Episode 3 – Mother’s Day (And Its ‘Firebrand Feminist’ Roots) + The Emotional Load
Welcome to the House of Shrew. It is Mother’s Day on May 10 so we thought we’d give Mother’s Day the Shrews Untamed treatment and see how it looks after a bit of pot-stirring. I asked myself questions like: What’s the significance of the date? Why do the shops fill with carnations? Why do we celebrate Mother’s Day at all, and what does the way we celebrate it say about women’s place in Western culture?
And wait until you hear about the ‘firebrand’ feminist roots of Mother’s Day!
And we couldn’t talk about Mother’s Day without talking about the Emotional Load. So I’m planning to unpack how we censor what we really want to keep the family in balance.
But first, let us tell you how we’re planning to run these podcast episodes from here on in, because A: we think it’s cool (and totally stole this idea from podcasts such as The High Low and Deviant Women) and also B: we put together this podcast every week with the 0.2 seconds we have ‘spare’ so it makes sense. Also it’s nice to be surprised by what the other has to say because essentially, this pod is just an extension of every conversation we’ve had over Facebook messenger in 3 years.
Get Shrews In Your Ears:
Happy Mother’s Day, for those who celebrate it, however you celebrate it; for those who would have loved to celebrate it, and for those who have fractured relationships with their mothers, we send you kindness and understanding.
Thank you to the following sources we’ve used to fact-check, investigate, and back up our claims to make our Mother’s Day and Emotional Load episode.
Stephanie Coontz, The Way We Never Were: American Families and the Nostalgia Trap
Modern Mothers Day– this Wikipedia entry is thoroughly referenced and a very good account of (American) Mother’s Day and it’s founder, Anna Jarvis
More Anna Jarvis:
I verified some things by taking a quick look at the history of West Virginia
Mother’s Day in US and Australia – Anna Jarvis, Janet Heyden
‘And Suddenly, There’s a Story’ – Helen Garner’s essay extract (behind paywall)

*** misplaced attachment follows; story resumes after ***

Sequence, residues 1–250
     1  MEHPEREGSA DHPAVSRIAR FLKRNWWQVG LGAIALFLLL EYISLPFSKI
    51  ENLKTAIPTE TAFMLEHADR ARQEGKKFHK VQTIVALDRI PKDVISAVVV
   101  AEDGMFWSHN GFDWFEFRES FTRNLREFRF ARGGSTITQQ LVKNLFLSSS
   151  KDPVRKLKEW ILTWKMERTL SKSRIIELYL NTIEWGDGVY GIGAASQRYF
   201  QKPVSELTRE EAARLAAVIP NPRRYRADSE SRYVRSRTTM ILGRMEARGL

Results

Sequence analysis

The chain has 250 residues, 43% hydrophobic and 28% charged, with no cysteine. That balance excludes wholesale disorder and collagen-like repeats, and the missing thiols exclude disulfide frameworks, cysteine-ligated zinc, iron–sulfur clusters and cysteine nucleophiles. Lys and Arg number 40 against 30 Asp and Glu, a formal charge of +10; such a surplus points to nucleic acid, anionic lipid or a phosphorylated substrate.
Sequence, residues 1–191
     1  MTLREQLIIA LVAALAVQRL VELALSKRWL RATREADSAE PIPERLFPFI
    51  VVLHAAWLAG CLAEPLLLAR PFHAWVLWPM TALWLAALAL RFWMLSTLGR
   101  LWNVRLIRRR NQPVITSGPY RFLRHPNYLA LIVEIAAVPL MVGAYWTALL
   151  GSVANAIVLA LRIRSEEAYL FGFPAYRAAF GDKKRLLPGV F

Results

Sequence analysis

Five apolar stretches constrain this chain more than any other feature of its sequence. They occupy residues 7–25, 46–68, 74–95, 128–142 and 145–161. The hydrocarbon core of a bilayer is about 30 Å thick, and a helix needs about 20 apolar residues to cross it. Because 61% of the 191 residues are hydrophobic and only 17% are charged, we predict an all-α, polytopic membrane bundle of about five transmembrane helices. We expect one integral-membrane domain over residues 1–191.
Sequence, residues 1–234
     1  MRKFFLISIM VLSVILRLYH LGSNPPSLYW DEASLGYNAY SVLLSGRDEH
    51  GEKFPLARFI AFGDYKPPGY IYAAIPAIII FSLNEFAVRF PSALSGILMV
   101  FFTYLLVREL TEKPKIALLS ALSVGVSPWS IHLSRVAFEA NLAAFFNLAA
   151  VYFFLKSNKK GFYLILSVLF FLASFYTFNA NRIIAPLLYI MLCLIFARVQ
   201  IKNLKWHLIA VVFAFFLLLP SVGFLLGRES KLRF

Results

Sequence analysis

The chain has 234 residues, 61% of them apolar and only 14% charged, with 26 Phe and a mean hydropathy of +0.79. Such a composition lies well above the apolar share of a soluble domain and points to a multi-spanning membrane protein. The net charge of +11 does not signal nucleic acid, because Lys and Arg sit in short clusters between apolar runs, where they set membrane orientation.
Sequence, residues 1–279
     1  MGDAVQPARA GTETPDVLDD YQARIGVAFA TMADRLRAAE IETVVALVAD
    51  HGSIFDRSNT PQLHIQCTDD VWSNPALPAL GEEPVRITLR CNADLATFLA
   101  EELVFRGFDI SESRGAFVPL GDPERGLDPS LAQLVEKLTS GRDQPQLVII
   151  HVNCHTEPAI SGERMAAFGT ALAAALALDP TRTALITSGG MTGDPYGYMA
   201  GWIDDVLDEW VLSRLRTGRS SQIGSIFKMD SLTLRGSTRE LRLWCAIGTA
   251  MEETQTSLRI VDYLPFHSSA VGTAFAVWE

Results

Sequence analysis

Mother’s Day – Don’t Make Me Laugh – Jane Caro
Making Women’s Unpaid Work Count – Anne Manne
You Should Have Asked – Emma
Stop Calling Women Nags – Harpers Bazaar
Lucky Orange Pants Social Media Post
The Power of Women’s Anger – Soraya Chemaly
And thanks to Stacy and Kylie, Jay’s friends who allowed her to quote them for this pod.
The Cackle Of Sisterhood
It’s been at least a couple of years since Jay and Jen’s friendship was forged by a mutual fiery love of feminism and the power of wordsmithery. It took a global pandemic and things generally going to hell in a handbasket for them to throw all the right ingredients into a pot and birth the Shrews Untamed podcast.
When they’re not yelling, “I know, RIGHT?” at each other on FB Messenger, Jay is an award-winning copywriter and copy coach and Jen is an author with her first book in the works. They are also mothers, sisters, daughters, and both fans of the C word.
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Our theme music is Celtic Impulse by Kevin MacLeod
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Disclaimer on historical and literary references, and views expressed on Shrews Untamed
Unless we say otherwise, the history sources Jay and Jen mention on Shrews Untamed are from the dominant Western scholarly tradition. (That means Western history and literature was written by white men, for white men, and about white men – and a few very ‘good’ and very ‘bad’ women.) Through Feminist scholarship, the achievements, stories, and voices of women are slowly being ressurected from the past; some are lost forever.
We acknowledge that for First Nation women and Women of Colour, the history books have been closed for much longer, and the pursuit of Herstory has not been equitable, or free of Western/colonial bias.
Unless we say otherwise, most of the literary references are made to Western literature. Western literature, poetry, and artistic tradition are all filled with the names, images, and stories of women – and of course, Western patriarchal bias which has dictated our history bleeds into literature and the arts. Whether writing based on Near-Eastern historical figures like Cleopatra, the Virgin Mary, and including Western fictional characters like our dear Kate from Shakespeare’s The Taming of the Shrew – each were envisioned and written by white men, and shown as white women, or fetishised exotics, for a largely white male audience.
The literary, cultural and artistic traditions, as well as current views of First Nation women and Women of Colour, or any non-binary person, should be told by people who have with lived that experience and/or tradition. And they are.
As we say in the outro, all opinions on content expressed on Shrews Untamed are our own. Jay and Jen are both white, CIS-het women; we can only speak with authenticity of our own white, CIS-het experience of Western culture and our world, and we do so without apology.
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Acknowledgement of Country
Jay and Jen from Shrews Untamed would like to acknowledge the land of the Karuna and Noongar people. We pay respect to elders past, present and emerging, and acknowledge the cost that has come with the uneasy sharing of this land; land which was taken. We express hope that we can move to a place of justice and equity together.
I got answers
Copyright 2015 - 2020 Jay Crisp Crow & Crisp Copy TM
Jay Crisp Crow acknowledges the Traditional Owners of country throughout Australia and recognises their continuing connection to land, waters, and community. This business pays its respects to them and their cultures; and to elders past, present, and emerging.